Marks & Spencer's Full-Year Results – What The Analysts Said

By Steve Wynne-Jones
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Marks & Spencer's Full-Year Results – What The Analysts Said

Marks & Spencer has reported a 9.4% increase in group sales in its 2023/24 financial year, with sales in its Food division rising by 13.0%, and Clothing & Home up 5.3%.

"We have a clear plan, a clear vision for the future, and there is so much opportunity ahead of us," commented Stuart Machin, chief executive. "We are at the beginnings of a new M&S.”

Here's how industry analysts from Wealth Club, Shore Capital, GlobalData and AJ Bell viewed its performance.

Charlie Huggins, Wealth Club

"M&S has had an excellent year and there is now enough evidence to suggest this isn't a flash in the pan. Sales have grown strongly, with 12 consecutive quarters of growth for Food and Clothing and Home. Profit margins have also risen nicely as a result of greater efficiency, and cash flow has been strong, enabling M&S to return to the dividend register.

"The most impressive thing about the M&S turnaround story so far has been the market share gains, in both Clothing and Food. They have been able to achieve this while reducing discounts, which is a good sign. In other words, they aren’t just slashing prices in the hope of getting quick sales growth. They have been focused on reinvigorating branding and designs, which ought to be more sustainable.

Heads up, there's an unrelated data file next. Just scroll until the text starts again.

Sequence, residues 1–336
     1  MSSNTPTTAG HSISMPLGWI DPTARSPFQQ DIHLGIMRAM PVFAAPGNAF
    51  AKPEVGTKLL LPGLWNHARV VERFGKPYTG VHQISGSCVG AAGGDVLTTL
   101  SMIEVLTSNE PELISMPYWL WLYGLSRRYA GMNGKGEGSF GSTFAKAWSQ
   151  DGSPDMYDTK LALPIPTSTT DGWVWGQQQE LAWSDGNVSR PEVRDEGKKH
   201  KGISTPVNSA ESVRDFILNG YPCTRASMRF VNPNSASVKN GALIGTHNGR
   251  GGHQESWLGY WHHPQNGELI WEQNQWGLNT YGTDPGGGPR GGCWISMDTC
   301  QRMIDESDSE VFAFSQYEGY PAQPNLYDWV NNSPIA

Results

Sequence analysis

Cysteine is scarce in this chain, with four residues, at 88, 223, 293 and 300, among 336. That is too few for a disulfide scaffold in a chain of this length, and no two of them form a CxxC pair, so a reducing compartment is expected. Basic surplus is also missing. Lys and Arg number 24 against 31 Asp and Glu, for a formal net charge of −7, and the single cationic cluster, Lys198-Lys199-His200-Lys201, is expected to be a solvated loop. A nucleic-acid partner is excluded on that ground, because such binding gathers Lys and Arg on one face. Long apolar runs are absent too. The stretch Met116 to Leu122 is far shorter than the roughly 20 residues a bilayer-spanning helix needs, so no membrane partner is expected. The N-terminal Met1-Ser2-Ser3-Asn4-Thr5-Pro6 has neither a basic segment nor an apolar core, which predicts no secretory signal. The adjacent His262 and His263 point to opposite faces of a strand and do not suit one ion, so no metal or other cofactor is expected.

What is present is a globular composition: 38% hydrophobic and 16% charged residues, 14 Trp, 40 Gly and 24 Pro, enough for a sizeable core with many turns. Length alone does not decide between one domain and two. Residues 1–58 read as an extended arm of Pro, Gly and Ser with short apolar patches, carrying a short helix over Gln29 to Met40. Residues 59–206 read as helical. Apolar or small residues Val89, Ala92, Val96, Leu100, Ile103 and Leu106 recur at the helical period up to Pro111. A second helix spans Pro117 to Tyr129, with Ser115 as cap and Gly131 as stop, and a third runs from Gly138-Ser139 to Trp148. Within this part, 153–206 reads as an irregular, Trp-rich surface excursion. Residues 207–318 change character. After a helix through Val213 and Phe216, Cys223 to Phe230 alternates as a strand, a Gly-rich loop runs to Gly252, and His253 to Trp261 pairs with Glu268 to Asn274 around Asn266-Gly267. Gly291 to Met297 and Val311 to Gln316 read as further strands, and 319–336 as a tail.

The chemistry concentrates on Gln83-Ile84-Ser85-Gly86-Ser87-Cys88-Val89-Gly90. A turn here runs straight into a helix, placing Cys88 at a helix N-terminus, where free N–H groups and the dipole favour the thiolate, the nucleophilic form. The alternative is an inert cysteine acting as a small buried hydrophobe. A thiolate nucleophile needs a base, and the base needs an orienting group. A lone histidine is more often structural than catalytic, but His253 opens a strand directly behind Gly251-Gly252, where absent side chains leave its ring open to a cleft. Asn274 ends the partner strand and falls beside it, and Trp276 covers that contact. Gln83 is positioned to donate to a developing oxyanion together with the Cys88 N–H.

"All-in-all, M&S’ execution has been impressive in a difficult retail environment. Encouragingly, it sounds like there are plenty more self-help initiatives to go for, to keep this momentum going.

"The only fly in the ointment is that investor expectations have now been reset to a higher level. This means the pressure on M&S to keep delivering has increased, and any slip ups are likely to be harshly punished."

Clive Black, Shore Capital

"Following the publication of its FY24A results and our reflection upon FY25F forecasts and upgrades, the Group’s equity trades on an FY25F PER of just 10.6x, an EV/sales ratio of 0.55x and an EV/EBITDA multiple of only 5.2x, noting as we do the structural improvement in the composition of the Group’s EV on a non-lease basis, i.e., net cash!

"M&S’ shares are estimated to offer an FY25F dividend yield of 1.6%, so as outlined above, not an income play at this time, funded from a FCF yield of 6.2%. For FY26F, on our PBT forecast of £801m, the stock trades on a PER of 9.8x, an EV/EBITDA of only 4.8x; this latter figure is way too low for us.


"As we have argued for some years, delivery of sequential earnings growth creates the basis for us to credibly argue for a re-rating of M&S’s equity valuations, a journey that the firm is now on, which we welcome. Ongoing expedition of the Board’s plan should drive that rating ceiling all the higher, which could be a very rewarding medium-to-long-term journey for current and new shareholders. As such, we are praiseworthy and very pleased for Chair, Archie Norman, CEO, Stuart Machin, and their team, that M&S has engineered such an exciting and uplifting position."

Russ Mould, AJ Bell